Issue 1

Four Poems

by Helen Adie

Helen Adie


A body in half turn
framed by the doorway
the twist of the torso
the fall of the shoulder
all the lines poised
to disappear into
devastating light.

The woman leans back,
long hair falling like rain
in straight lines down
to the curve where
her spine veers, arms
following the same


Our eyelashes fluttered,
birds and heart beats.
Fingers interlaced were
church and steeple,
a lofty nave, ribcage.
All the little people were
busy organs that pump
and sift and filter.
We craned our necks
to see our bodies
curve into landscape,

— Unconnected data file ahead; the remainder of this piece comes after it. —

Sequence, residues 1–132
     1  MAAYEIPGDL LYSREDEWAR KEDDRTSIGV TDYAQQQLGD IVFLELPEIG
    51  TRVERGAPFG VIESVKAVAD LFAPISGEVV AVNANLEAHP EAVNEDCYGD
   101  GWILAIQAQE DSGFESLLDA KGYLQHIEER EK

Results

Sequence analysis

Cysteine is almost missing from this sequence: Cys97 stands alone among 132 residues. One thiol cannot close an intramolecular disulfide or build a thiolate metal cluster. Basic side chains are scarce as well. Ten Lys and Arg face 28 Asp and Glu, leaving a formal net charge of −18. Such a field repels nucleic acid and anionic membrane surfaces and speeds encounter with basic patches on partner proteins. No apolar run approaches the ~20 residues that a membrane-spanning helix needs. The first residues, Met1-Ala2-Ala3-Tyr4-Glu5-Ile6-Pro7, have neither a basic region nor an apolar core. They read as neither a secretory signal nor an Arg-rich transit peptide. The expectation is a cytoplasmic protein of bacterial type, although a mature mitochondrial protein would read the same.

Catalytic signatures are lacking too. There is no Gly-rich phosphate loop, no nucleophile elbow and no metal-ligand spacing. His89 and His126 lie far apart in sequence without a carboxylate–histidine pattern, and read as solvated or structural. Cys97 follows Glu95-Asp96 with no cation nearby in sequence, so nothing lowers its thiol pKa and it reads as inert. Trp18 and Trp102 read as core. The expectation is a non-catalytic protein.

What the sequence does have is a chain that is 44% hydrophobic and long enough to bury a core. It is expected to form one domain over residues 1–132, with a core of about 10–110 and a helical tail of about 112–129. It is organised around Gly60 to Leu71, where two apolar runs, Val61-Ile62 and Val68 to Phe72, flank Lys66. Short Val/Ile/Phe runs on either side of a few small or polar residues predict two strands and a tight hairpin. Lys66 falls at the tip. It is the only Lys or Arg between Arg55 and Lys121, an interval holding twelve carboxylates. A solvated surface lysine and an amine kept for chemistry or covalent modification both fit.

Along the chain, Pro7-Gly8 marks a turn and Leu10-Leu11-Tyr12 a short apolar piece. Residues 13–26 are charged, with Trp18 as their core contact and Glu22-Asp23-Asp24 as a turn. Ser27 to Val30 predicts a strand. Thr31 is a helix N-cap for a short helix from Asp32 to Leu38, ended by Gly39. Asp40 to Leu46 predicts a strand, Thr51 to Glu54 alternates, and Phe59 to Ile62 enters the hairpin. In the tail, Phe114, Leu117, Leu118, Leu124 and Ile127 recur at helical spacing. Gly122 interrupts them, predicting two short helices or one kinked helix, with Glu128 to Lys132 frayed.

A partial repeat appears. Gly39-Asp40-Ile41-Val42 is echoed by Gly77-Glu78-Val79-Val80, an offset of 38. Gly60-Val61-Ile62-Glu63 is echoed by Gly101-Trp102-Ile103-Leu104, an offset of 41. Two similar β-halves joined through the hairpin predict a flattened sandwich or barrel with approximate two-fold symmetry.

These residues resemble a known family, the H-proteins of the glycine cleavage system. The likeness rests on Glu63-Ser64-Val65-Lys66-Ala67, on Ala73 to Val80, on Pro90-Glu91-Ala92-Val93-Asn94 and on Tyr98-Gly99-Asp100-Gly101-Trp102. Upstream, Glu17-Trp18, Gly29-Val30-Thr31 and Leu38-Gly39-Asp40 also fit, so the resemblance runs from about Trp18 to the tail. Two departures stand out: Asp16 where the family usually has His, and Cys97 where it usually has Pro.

nose diving down to our feet,
which now we only look at
in the bath, pink toes
like rocks giving out
the last of the sun.

Life Line

Lines of
          a hand,
like land.
          Life is long.
Could these be
          song lines,
a life time’s
    listening for?

The Other

She asks of her body,
which has turned
and postured as if
belonging to another,
to show her how it knows
to be. The hands reply:
one takes the other, fingers
folding round as if to close
the rest of her inside.

Helen Adie

Helen Adie has worked extensively as an actress on radio, TV, film and in the theatre. She has been published in a number of poetry anthologies over the last two years and won the 2010 Havant Poetry Prize. She is currently being supervised by Andrew Motion and Jo Shapcott for an M.A in Creative Writing at Royal Holloway College, London.